A big CONGRATULATIONS to Chuck Mills for placing THIRD in the FLY DIVISION of the Jamaica Bay Kayak Fishing Tournament this past weekend with a keeper-sized striper on the fly!!!! Chuck, you do us proud. Keep those lines tight and we’re looking forward to seeing you on our next trip.
The simple answer to this question is “Location, Location, Location”. The fish can move freely about the water depths and wading anglers can not. Anyone experienced with fishing from the surf can probably recall many times when distance in the cast often made a big difference in the quantity and quality of fish caught. Though techniques in distance casting taught by some of the masters like Lefty Kreh and Lou Tabory can help the average angler to send a few extra yards of shooting line through their guides, there are still often situations where being able to chase the fish down into some deeper water (or more rapidly down the shoreline) can translate into more fish caught and released.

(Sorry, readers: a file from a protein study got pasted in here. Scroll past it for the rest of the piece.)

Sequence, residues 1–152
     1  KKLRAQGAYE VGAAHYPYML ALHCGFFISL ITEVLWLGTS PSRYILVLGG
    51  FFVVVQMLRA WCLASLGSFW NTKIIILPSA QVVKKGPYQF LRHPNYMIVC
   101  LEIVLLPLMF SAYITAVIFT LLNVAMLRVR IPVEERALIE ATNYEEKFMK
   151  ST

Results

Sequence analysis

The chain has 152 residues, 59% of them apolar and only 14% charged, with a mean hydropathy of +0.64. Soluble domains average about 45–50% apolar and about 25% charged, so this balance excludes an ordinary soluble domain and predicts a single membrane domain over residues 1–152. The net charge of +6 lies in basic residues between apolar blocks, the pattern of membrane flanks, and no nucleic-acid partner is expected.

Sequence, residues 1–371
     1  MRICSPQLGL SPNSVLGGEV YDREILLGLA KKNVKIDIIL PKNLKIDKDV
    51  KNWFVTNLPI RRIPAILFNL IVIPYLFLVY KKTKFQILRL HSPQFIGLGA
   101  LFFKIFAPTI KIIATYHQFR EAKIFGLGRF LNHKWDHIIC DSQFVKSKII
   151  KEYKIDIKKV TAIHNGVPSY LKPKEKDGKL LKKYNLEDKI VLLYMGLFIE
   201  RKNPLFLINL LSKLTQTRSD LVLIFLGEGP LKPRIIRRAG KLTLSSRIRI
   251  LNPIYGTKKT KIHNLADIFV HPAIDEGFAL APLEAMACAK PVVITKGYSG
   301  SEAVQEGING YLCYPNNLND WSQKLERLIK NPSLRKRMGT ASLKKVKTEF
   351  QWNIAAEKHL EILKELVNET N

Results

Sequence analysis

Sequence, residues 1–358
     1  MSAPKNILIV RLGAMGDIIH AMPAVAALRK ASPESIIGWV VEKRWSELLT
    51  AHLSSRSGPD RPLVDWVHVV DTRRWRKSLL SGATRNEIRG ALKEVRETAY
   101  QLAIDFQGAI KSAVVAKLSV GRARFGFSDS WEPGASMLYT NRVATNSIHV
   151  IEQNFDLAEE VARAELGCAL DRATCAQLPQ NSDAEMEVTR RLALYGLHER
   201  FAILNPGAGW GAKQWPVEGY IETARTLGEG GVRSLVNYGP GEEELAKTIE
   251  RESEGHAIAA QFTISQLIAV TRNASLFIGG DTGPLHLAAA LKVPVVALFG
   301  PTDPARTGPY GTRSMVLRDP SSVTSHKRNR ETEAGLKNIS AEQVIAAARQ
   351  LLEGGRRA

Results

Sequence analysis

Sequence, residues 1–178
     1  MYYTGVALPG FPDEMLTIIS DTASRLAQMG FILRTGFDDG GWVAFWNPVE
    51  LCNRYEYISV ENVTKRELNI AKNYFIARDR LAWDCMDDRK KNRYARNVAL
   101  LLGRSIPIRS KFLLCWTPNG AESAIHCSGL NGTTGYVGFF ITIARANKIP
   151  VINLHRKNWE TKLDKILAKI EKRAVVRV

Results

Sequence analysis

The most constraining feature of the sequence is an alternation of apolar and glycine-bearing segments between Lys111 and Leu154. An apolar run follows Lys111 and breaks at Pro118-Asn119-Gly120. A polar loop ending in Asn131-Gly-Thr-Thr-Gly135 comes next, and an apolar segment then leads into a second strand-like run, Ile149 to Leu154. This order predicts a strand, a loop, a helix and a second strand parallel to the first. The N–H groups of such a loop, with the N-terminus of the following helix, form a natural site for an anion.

Taking the game to the fish opens more opportunity for the angler, but also has its compromises. Beginners at fly casting should probably hone their skills on terra firma before taking their first paddle. Seasoned casters will still need to make adjustments in their casting technique, but will find that all the same principles of casting apply on the kayak as they do on the shoreline. One dramatic change will be the requirements of often making long casts. The unique advantage of fishing from a kayak is that the angler can literally sneak up on the fish undetected. Of course, this won’t automatically translate to an immediate catch, but it increases the angler’s opportunity at fish.